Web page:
Short answer: I'm ok at C++, and not good at pure C.
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On Wed, Feb 22, 2012 at 9:56 AM, wrote:
> Hi experts
I wouldn't concider myself an "expert"... but hello never the less :)
> Why it is written in C++ , not C ?
> means "read" and "write" ?
> > Which leads me to my next question: are most JACK applications
Memory management & threading are the two big real-time things, using a VM
I don't advise using it, but C++ is already my weapon of choice so I'm not
biased at all ;)
That said, my first JACK client was using Python to copy I/O buffers using
the PyJack interface.
Xruns!! but it worked... :) For serious applications I would not concider
VM languages as a serious
option, but I'm sure there's people on list that would disagree. This has
been discussed before on list,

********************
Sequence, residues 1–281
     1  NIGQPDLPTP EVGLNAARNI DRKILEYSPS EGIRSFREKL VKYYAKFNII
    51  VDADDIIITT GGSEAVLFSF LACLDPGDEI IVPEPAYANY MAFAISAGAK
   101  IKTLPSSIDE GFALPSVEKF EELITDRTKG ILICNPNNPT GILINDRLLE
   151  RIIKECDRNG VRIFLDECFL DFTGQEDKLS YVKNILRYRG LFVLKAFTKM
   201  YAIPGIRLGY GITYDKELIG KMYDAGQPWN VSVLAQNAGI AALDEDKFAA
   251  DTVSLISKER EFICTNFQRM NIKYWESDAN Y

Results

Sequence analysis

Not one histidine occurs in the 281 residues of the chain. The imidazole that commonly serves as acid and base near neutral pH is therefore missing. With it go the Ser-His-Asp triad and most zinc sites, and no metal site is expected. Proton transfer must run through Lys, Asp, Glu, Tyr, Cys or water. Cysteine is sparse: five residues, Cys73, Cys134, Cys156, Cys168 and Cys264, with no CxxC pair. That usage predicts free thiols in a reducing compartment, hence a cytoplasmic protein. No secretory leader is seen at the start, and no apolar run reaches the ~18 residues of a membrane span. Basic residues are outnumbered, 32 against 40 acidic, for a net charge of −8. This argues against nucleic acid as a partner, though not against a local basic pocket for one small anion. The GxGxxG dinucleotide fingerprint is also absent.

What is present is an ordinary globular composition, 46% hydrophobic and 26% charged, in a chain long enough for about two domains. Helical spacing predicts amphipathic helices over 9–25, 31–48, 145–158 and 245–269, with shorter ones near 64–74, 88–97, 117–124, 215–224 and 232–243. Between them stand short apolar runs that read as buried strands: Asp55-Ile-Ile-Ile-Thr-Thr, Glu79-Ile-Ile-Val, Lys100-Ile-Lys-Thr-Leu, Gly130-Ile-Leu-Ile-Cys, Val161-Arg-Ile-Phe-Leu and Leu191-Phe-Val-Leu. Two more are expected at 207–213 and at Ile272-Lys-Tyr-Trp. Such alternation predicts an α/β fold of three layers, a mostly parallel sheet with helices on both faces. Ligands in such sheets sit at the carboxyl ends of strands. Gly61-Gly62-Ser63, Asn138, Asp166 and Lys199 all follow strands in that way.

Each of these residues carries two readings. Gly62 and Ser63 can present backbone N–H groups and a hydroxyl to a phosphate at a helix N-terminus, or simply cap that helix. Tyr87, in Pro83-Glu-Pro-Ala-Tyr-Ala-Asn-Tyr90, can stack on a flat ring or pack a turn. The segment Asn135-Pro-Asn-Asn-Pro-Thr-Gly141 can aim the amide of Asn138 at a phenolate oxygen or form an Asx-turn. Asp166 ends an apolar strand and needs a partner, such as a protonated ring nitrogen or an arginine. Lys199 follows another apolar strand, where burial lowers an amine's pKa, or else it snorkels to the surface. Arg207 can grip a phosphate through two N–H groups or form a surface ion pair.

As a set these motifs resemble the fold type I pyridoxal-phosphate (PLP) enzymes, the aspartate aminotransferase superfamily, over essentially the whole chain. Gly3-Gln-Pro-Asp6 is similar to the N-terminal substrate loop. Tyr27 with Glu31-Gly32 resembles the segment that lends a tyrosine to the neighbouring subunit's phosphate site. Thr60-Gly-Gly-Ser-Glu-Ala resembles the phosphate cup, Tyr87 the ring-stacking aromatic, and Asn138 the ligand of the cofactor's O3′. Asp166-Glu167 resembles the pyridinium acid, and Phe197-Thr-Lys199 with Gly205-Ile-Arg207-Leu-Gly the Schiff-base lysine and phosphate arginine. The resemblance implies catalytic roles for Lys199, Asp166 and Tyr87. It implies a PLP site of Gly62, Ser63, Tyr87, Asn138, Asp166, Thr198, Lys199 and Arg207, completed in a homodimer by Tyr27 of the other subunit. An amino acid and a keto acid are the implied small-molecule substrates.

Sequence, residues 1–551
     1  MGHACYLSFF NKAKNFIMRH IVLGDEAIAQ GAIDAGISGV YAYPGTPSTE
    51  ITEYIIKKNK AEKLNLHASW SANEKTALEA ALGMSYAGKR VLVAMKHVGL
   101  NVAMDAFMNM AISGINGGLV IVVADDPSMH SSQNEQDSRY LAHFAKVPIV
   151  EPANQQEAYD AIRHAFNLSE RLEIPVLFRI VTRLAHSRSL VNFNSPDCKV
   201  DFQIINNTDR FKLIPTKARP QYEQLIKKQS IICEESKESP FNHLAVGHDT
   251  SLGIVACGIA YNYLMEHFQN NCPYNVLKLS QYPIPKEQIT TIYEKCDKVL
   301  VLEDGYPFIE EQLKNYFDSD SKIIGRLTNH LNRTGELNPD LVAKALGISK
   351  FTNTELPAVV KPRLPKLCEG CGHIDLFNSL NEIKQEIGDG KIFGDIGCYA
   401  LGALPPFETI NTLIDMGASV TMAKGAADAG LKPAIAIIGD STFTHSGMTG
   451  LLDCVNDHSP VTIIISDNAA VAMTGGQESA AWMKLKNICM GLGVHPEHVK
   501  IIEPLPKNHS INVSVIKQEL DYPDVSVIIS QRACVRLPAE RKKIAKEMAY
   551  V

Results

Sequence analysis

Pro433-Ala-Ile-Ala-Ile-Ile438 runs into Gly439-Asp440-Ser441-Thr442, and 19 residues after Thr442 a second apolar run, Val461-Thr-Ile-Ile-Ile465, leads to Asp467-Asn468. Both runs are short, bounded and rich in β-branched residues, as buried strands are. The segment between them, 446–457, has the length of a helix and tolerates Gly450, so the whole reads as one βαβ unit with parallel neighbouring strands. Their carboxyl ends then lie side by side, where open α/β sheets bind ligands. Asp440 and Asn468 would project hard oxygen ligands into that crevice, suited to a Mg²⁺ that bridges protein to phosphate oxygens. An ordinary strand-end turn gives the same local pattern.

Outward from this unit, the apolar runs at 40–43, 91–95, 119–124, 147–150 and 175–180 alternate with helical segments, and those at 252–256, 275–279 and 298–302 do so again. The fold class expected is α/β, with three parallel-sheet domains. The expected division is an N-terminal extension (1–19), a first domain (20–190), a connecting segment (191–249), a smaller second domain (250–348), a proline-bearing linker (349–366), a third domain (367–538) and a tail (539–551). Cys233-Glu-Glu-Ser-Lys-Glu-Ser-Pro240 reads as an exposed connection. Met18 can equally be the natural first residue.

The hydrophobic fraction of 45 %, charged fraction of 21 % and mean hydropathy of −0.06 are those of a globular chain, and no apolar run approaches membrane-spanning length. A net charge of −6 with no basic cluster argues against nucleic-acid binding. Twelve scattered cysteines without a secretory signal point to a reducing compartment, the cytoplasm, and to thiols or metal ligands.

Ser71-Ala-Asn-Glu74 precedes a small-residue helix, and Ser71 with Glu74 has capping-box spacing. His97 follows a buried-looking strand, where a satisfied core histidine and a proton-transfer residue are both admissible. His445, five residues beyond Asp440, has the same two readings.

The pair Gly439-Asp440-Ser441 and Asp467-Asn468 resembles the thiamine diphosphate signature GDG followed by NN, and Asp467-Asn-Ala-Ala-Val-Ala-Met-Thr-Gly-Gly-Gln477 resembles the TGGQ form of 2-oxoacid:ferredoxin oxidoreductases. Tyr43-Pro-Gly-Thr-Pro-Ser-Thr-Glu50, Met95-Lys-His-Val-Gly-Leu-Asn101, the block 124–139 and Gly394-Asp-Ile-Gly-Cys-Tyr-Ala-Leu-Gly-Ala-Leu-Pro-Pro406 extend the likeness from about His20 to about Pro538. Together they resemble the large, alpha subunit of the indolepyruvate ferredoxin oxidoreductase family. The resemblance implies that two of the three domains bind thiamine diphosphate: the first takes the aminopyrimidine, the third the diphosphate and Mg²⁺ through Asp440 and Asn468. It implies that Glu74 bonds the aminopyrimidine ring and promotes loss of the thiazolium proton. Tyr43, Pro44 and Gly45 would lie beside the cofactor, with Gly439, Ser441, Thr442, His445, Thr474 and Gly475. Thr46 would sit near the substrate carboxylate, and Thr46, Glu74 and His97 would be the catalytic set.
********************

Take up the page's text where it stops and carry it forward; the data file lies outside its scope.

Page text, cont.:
searching the archives will provide lots of information on the topic.
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On Wed, Feb 22, 2012 at 9:56 AM, <firstname.lastname@example.org><=
Hi expertsI wouldn't concider myself an "expert&=
quot;... but hello never the less :)=A0
Why it is written in C++ , not C ?Short answer=
: I'm ok at C++, and not good at pure C.Long answer: Most large aud=
io program projects are written in C++: its easier to compartmentalize code=
, splitting functionality. IMO its better suited to writing *applications*,=
while pure C is better for writing libraries due to the fact that pretty m=
uch any language has bindings to calling (pure) C functions.
quot;read" and "write" ?Robin pr=
etty much aced those questions, so I'll skip em.
=A0> Which leads me to my next question: are most JACK applications<=
> written in C/C++? I understand that programming as close to the =